Unit testing in WordPress has come a long way with the help of WP-CLI, but it can still be a bit frustrating to set up correctly. These two tutorials were a great help to me when getting started:

Pippin Williamson’s Unit Tests for WordPress Plugins
Tom McFarlin’s How To Perform Unit Testing with Pressmatic

But even with these great references I was having a rough time getting unit tests to run in my DesktopServer WordPress installations.  What I didn’t realize is that you have to use the DS-CLI plugin in order to use the correct instances of MySQL, Apache, and PHP.  One nice thing about DS-CLI is that it already comes bundled with WP-CLI, and PHPUnit, so you don’t have to handle the installation yourself.

So, here is how you set up your unit tests in DesktopServer:

  1. Open the DS-CLI and CD to your project’s plugin directory.
  2. Recommended: backup your database using the command wp db export.
  3. Run wp scaffold plugin-tests name-of-your-plugin-folder
  4. CD into your plugin’s root directory and run bash bin/install-wp-tests.sh wordpress_test root '' localhost latest.  Among other things, with this command we are creating a new database called “wordpress_test”.  You can call the database whatever you like, just do not try to connect to your actual project database because it will be overwritten.  This is why we made a database backup in step 2.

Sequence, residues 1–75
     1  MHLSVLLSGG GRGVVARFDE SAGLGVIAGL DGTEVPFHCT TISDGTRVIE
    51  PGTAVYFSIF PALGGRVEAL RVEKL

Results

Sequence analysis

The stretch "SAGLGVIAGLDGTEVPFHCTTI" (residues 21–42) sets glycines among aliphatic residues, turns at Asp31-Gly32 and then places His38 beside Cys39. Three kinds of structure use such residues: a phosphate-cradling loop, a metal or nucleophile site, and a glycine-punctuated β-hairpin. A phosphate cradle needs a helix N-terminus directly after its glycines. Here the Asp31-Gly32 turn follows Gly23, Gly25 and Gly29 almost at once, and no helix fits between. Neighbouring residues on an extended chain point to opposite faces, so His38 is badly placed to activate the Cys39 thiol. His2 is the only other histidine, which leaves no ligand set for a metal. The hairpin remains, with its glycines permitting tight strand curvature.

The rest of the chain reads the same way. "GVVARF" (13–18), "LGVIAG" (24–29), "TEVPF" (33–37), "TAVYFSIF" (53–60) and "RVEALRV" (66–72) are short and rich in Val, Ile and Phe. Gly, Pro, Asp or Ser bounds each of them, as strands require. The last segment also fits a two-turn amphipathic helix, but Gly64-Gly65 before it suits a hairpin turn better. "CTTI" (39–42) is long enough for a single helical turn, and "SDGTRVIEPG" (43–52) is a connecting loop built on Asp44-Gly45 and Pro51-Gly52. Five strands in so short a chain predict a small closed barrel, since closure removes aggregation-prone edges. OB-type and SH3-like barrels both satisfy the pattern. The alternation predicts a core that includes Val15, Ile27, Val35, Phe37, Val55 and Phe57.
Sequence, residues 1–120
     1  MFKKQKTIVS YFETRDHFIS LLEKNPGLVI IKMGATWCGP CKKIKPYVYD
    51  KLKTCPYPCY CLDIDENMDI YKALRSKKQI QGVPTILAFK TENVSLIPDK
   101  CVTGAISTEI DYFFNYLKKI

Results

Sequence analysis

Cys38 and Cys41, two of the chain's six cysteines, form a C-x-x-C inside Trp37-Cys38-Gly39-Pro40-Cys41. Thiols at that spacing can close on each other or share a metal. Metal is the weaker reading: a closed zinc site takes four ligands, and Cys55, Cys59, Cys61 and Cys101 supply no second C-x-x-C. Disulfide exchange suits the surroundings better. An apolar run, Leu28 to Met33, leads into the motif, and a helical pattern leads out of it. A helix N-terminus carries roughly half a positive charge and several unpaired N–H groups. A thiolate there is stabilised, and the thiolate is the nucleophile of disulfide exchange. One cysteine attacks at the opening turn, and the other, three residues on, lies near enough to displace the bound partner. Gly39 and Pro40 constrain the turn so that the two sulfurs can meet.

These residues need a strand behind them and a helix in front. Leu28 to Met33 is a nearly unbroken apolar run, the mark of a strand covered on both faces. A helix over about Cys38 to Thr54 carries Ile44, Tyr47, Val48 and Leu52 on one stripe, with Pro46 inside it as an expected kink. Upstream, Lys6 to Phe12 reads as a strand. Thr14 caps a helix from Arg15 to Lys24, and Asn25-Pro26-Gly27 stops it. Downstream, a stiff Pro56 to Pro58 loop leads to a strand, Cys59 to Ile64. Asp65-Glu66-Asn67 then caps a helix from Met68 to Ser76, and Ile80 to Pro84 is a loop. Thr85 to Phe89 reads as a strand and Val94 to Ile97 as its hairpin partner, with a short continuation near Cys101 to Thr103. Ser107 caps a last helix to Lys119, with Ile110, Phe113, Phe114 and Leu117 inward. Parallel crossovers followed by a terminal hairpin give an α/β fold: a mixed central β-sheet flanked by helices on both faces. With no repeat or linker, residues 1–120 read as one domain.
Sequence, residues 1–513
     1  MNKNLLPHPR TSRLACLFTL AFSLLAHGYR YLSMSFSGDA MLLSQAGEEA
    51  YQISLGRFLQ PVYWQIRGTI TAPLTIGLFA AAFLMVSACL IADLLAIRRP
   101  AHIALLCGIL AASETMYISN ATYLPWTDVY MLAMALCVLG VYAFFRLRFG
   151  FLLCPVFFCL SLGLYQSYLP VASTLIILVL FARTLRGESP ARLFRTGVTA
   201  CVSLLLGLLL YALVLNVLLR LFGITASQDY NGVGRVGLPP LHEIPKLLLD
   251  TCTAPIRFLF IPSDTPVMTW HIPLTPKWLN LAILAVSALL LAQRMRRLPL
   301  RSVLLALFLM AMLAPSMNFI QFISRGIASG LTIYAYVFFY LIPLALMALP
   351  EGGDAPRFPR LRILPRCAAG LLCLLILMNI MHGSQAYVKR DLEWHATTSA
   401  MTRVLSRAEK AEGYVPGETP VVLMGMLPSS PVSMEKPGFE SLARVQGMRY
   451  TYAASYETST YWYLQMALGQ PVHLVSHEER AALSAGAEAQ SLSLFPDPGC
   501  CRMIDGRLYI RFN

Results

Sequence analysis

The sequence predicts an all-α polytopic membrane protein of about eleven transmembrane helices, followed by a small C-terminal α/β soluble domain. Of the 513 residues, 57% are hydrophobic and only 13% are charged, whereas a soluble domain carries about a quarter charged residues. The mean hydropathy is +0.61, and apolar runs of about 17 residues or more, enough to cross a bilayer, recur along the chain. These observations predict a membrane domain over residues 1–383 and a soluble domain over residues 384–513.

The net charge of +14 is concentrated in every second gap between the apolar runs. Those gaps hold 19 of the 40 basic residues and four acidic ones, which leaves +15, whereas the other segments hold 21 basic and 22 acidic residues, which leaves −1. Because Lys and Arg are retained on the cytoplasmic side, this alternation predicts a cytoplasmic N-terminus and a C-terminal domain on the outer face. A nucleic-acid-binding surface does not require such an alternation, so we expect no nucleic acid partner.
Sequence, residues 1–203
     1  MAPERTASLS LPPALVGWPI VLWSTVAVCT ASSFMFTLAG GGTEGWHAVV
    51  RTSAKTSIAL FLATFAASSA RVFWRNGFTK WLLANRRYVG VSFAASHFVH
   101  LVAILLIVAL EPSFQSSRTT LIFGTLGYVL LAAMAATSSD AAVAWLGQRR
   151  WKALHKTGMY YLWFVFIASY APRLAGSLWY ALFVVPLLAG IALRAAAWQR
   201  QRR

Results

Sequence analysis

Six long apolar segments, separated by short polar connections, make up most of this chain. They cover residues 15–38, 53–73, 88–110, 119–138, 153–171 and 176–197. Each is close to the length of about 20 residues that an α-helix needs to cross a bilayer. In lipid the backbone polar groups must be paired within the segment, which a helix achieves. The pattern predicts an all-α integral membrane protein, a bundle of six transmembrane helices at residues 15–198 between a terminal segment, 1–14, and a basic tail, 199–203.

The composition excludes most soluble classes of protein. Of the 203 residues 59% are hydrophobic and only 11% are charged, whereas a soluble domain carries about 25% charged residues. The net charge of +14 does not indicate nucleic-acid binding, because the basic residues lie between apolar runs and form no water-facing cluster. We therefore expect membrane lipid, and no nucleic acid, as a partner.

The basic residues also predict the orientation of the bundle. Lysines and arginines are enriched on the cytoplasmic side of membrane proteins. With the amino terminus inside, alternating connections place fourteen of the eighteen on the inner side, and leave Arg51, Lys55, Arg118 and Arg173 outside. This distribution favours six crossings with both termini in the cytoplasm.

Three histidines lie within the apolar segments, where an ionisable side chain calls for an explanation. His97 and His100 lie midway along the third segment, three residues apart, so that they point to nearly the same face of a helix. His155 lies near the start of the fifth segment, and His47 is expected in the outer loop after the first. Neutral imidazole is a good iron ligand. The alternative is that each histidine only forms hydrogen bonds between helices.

5. Open up the /tests/bootstrap.php file in your plugin folder (this was created in step 3) and ensure the plugin file name on line 20 is correct.  Change the file name if it’s not correct and save the file.
  6. CD to the plugin folder (still using DS-CLI) and run the command phpunit.
  7. If all goes well you will see a success message for 1 test and 1 assertion.

Common sources of error are:

  1. Using the terminal rather than DS-CLI.
  2. The /test/bootstrap.php file is attempting to load a plugin file that does not exist.
  3. /tmp/wordpress-tests-lib does not exist.  Fix: run rm -rf /tmp/wordpress-tests-lib; bash bin/install-wp-tests.sh wordpress_test root '' localhost latest to remove relic files and reinstall the necessary WordPress test files.

Reader Interactions


  1. Hey Tim,

    I just wanted to chime in to make an import distinction. What you describe above is using the “WordPress Core Unit Tests” framework in your own plugin to run tests. However, these are meant to “unit test” WordPress Core. If you use them in your plugin, you are not “unit testing” your own plugin. A “unit test” is done in isolation. What you are rather doing is an “integration test” or “functional test”.

    Proper unit tests for your plugin would not need a database, or WordPress, or access to the web server. They would just need PHP to be compiled and run. For a very good introduction to proper unit testing with WordPress, I can recommend a blog post from Thorsten Frommen: https://tfrommen.de/an-introduction-to-unit-testing-for-wordpress/


    • Thanks for pointing out that distinction, Alain. I guess my intention here was to help plugin developers get set up to do at least some kind of testing, because the vast majority do not (so I’m told). Even though testing plugins with WP_UnitTestCase is not strictly “unit testing”, I still think there is some value to it. At the very least it is a step in the right direction that hopefully will lead plugin developers to do proper unit testing in the future. Myself included.

      • Yes, absolutely. Every kind of testing is preferable to no testing at all. I didn’t want to imply that this type of testing was bad in any way. Also, in a lot of cases, real unit tests might not easily be possible, if the code was not specifically designed to support them.

        So, don’t mind my “pursuit of precision”, and test away! 😉

Leave a Reply

Your email address will not be published. Required fields are marked *